When I work with clients who are making big changes in their lives, I try to help them identify an anchor. Something that keeps them grounded and reminds them that they’re attached to something greater. A partner, your teammate, can be one of those anchors (it’s definitely not the only one as they are many). But when the years accumulate and you’ve forgotten what tethered you to your partner in the first place, it’s normal to feel isolated and alone. Which, of course, creates more distance and takes you further and further away from that smile you fell in love with.
Oh, love. Do you remember what it felt like to fall in love? To see your person for the first time that day and totally light up from the inside out. To feel their hand in yours and believe that you could take on the whole world together. To stay up into the wee hours of the night talking (and not talking) about your dreams and future together. If you were my client, that would be one of my assignments for you.
I’d ask you to close your eyes. Take in three deep breaths. And then go back. Go back to the time when you first met that love. Do you remember where you were? What you were wearing? What they were wearing? Do you remember how it felt to talk to them? To desire their attention and physical touch. I’d ask you to tell me about the first time you kissed. The first time you said, “I love you.” About your first argument and how you overcame it.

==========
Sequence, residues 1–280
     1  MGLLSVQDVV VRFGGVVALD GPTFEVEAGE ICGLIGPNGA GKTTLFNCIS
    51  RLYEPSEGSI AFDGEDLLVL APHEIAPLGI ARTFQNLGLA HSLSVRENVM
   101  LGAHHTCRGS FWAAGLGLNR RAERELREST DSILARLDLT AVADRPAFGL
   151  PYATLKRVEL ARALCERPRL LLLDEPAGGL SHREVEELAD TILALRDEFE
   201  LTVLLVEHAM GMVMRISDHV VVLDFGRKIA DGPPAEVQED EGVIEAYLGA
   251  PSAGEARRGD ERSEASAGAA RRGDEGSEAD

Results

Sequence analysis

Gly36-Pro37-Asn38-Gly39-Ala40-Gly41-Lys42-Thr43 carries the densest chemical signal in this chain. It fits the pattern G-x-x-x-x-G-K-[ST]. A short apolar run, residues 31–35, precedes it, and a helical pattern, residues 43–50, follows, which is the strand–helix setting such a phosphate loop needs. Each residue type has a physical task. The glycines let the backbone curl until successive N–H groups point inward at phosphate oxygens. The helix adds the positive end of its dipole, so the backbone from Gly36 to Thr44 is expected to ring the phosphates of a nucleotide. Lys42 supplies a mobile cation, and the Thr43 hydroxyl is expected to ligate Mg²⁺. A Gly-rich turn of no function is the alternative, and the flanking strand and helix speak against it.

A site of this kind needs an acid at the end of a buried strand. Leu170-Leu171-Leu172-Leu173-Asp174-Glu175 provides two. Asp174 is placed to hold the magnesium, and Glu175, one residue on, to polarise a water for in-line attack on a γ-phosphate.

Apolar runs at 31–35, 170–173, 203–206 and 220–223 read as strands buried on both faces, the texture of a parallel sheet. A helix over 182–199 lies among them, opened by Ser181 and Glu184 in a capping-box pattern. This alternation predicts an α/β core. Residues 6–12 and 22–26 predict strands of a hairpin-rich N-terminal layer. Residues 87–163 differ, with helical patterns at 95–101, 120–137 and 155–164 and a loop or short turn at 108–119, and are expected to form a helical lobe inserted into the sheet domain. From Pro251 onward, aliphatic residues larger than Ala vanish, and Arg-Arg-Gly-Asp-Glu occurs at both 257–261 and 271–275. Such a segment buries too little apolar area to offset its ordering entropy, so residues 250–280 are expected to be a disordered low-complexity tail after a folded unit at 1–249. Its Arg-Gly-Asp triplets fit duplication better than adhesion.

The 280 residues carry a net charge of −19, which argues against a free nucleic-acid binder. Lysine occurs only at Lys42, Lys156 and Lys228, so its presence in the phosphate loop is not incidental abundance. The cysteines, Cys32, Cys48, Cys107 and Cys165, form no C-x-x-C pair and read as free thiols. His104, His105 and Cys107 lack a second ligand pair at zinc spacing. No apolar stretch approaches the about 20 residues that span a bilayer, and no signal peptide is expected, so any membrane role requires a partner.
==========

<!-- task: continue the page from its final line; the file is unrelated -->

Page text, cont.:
I would ask you to remember. To remember as much as you can and to feel as much as you’re willing to. Not because they deserve it. But because you do. And your relationship does. The life you have built together matters. And it deserves the time and attention required to go back and remember it all.
You may be thinking, Oh, but Courtney, I’m not that person anymore. My spouse isn’t that person anymore. I would smile and tell you, “Maybe you’re right. But you can be if you want to.” And then I would ask you if you wanted to. If you don’t, that’s fine. I’m not here to judge you if you’re done. But I’m betting that a part of you, even if it’s the size of a sliver, wants to. And if that’s the case, then get ready to remember.
Here’s what I want you to know – we are the ones that get to decide who we are. No one else. You are the one who is the author of this new chapter. But where do I begin, you may wonder? Just like you’ve tackled a troublesome PCS in the past, call on that strength as you’re charting this new course. Because if there’s one thing I’ve learned from this military life, it’s how you can start over. Again and again. So, today, I want to encourage you to begin again. And remember.
About this author: Courtney Boyer, M.Ed., M.S., CL, is a Relationship Coach and Sexpert who helps high achievers become as successful in their relationships as they are in their careers. She loves coffee, red wine, and serving her military community. You can learn more about Courtney at Stepping Stones Coaching